2001: The Nintendo difference
After the dismal performance of Dreamcast, Sega had already announced that it was dropping out of the console race and 2001 was the first E3 that it hadn't attended in the capacity of hardware maker. However, it did show up with some new multiformat games, among them Super Monkey Ball (GameCube), Jet Set Radio Future (Xbox) and, still keen to feed its loyal fans, Sonic Adventure 2 (Dreamcast).
More than ready to try and fill the void left by Sega was Microsoft and its hulking great Xbox. After announcing console launch details at a special pre-show event it descended on E3 in force, showing off more than 80 games. It also strengthened its list of Xbox exclusives by announcing that movie tie-in A.I., Dead or Alive 3 and Dino Crisis 3 would be joining Halo and Munch's Oddysee on the roster.
Nintendo was also busy hyping its new console - now called GameCube - and delighting gamers by revealing that it would cost $199 - a full $100 cheaper than Xbox. Head of product development Satoru Iwata told the audience at its pre-show conference that the success of GameCube would be down to the "Nintendo difference". This, he described, was four disciplines that made Nintendo special: innovation, quality, characters and heritage.
Above: Shigeru Miyamoto shows off Nintendo's GameCube like a proud father
GameCube was playable for the first time - which was a good job as the only new N64 game was Tony Hawk's Pro Skater 2 - and the crowds were understandably eager to get their hands on one of the 11 titles on display. Among them were Star Wars Rogue Leader, Super Smash Bros. Melee, Pikmin, Luigi's Mansion and... one from Rare that would eventually become an Xbox 360 launch title, Kameo: Elements of Power. The GameCube impressed, but without Mario it just wasn't a party.
Sony, with its PS2 shifting along nicely, still managed to barge into the limelight by revealing its desire to take PS2 online. The Network Adaptor would allow the console to connect to broadband and phone lines, giving users access to the internet. Microsoft's Xbox honcho, J Allard, had this to say about Sony's plan: "We talked to the gamers and asked about surfing the web and downloading stuff. We also said, you can play F1 online and everyone can play a different car on the track. When they made a choice they went with the games."
A staggering 100 new PS2 games were revealed at the show and gamers were impressed by the likes of Stuntman, Final Fantasy X and Jak and Daxter. Support for the original PlayStation continued (65 new games were heading to the old dog) although, in the shadow of its successor, the games were aging fast.
2002: Sony wins it all?
"The console war is over... PlayStation 2 has won." And with 30 million PS2 units sold compared to the four million for GameCube and Xbox it was difficult to argue with Sony America top dog Kaz Hirai's bold statement. Besides bragging about its substantial lead over its competitors, Sony once again gave a concerted push to its Network Adaptor, promising that gamers would be able to surf the net and play PS2 online - with games like Tony Hawk's Pro Skater 4 and TimeSplitters 2 - by the end of the year.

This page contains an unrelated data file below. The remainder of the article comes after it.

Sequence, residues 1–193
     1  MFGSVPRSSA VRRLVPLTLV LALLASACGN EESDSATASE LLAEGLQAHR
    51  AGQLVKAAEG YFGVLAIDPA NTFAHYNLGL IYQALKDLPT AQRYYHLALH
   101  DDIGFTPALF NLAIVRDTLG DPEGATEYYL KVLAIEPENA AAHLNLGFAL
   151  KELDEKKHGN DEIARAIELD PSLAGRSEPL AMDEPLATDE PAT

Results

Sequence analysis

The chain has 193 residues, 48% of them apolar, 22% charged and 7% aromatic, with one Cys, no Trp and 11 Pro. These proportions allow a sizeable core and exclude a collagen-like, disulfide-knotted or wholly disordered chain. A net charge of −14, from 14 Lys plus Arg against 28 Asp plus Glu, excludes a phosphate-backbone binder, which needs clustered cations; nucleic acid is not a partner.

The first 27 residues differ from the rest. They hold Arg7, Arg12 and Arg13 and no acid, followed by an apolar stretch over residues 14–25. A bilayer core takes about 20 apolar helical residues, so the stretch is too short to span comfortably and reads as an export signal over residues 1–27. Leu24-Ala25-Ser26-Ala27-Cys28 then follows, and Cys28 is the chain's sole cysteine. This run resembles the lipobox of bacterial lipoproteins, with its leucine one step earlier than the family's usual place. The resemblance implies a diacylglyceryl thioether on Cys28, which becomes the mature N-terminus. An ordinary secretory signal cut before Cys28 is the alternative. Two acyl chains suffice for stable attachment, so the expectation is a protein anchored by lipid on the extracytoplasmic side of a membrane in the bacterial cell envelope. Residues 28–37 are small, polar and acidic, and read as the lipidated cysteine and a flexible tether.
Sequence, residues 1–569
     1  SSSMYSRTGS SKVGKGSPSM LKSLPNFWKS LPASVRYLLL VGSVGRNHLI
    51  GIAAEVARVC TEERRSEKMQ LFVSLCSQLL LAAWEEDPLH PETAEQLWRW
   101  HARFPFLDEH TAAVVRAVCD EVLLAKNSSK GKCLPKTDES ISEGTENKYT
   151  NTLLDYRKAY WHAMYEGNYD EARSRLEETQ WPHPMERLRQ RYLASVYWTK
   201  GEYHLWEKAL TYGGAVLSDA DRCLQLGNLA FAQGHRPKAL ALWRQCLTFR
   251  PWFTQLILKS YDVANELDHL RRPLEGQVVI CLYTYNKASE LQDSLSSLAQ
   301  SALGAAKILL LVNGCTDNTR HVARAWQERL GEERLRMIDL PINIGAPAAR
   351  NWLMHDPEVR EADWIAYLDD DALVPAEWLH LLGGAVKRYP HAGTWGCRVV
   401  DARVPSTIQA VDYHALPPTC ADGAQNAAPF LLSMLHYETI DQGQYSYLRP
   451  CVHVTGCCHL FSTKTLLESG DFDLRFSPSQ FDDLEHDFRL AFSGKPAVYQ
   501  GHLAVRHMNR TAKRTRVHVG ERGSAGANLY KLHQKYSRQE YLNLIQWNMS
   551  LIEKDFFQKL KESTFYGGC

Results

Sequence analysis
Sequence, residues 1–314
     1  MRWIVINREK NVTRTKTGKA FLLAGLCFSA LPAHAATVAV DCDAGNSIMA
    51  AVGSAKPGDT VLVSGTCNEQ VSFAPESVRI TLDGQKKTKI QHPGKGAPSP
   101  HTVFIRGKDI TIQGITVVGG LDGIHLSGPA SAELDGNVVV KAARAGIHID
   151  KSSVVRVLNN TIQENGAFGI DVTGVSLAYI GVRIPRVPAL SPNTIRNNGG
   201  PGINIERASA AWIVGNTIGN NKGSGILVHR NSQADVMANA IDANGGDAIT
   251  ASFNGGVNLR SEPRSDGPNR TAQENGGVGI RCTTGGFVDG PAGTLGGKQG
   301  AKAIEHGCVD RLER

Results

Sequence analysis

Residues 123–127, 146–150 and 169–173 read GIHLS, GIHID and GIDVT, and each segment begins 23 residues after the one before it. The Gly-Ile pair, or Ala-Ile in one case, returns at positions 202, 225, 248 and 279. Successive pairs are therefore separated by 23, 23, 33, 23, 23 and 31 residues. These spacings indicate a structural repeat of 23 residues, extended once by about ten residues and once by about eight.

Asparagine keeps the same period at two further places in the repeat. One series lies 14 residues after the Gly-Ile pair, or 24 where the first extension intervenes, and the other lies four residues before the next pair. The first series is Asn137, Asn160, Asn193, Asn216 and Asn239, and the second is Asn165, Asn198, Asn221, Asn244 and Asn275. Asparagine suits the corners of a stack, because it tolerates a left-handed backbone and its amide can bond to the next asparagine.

Microsoft also laid out its online plans by revealing its broadband-only Xbox Live service, which it stated would launch worldwide in autumn. Xbox boss J Allard believed the service would be "the world's biggest playground with the coolest rides." With games like Phantasy Star Online, Unreal Championship and Halo 2 flagged as Live compatible, it certainly had appeal. And with Microsoft pledging to spend $2 billion on Xbox support and development over five years, it was apparent that the newest entry to the console race was in for the long haul.
While Sony and Microsoft were both obsessing with online, Nintendo was thrilling attendees with possibly its best line-up of games to date. Mario Sunshine (the first new Mario platformer in six years) and a new Legend of Zelda (later subtitled Wind Waker) were revealed, and Miyamoto was on hand to demo both games at Nintendo's pre-show conference. Rather comically, the legendary developer couldn't find a sword and was unable to complete the Zelda level he was playing. D'oh!
Above: Sony made a big deal of its Network Adaptor and promised gamers that they would be playing PS2 online by the end of the year
Each of the big three were promising large numbers of incoming games. Nintendo promised 100 GameCube titles before the US before the year's end. Microsoft revealed that there were an impressive 300 Xbox games in the pipeline, 200 of which would be out before Christmas. Sony already had 250 PS2 games in shops and predicted that a total of 475 titles would be available by the end of 2003.
Exclusives were also a prize commodity and the console movers each had their own secret weapons. In addition to new Mario and Zelda games, Nintendo paraded Metroid Prime, as well as a fine crop of GBA treats that included the e-Reader add-on and Zelda: A Link to the Past. Xbox rallied its troops with Blinx: The Time Sweeper, Ninja Gaiden and Project Ego (the early name for Fable). But it was Sony's bombshell that GTA: Vice City would be PS2 exclusive that really rocked the show.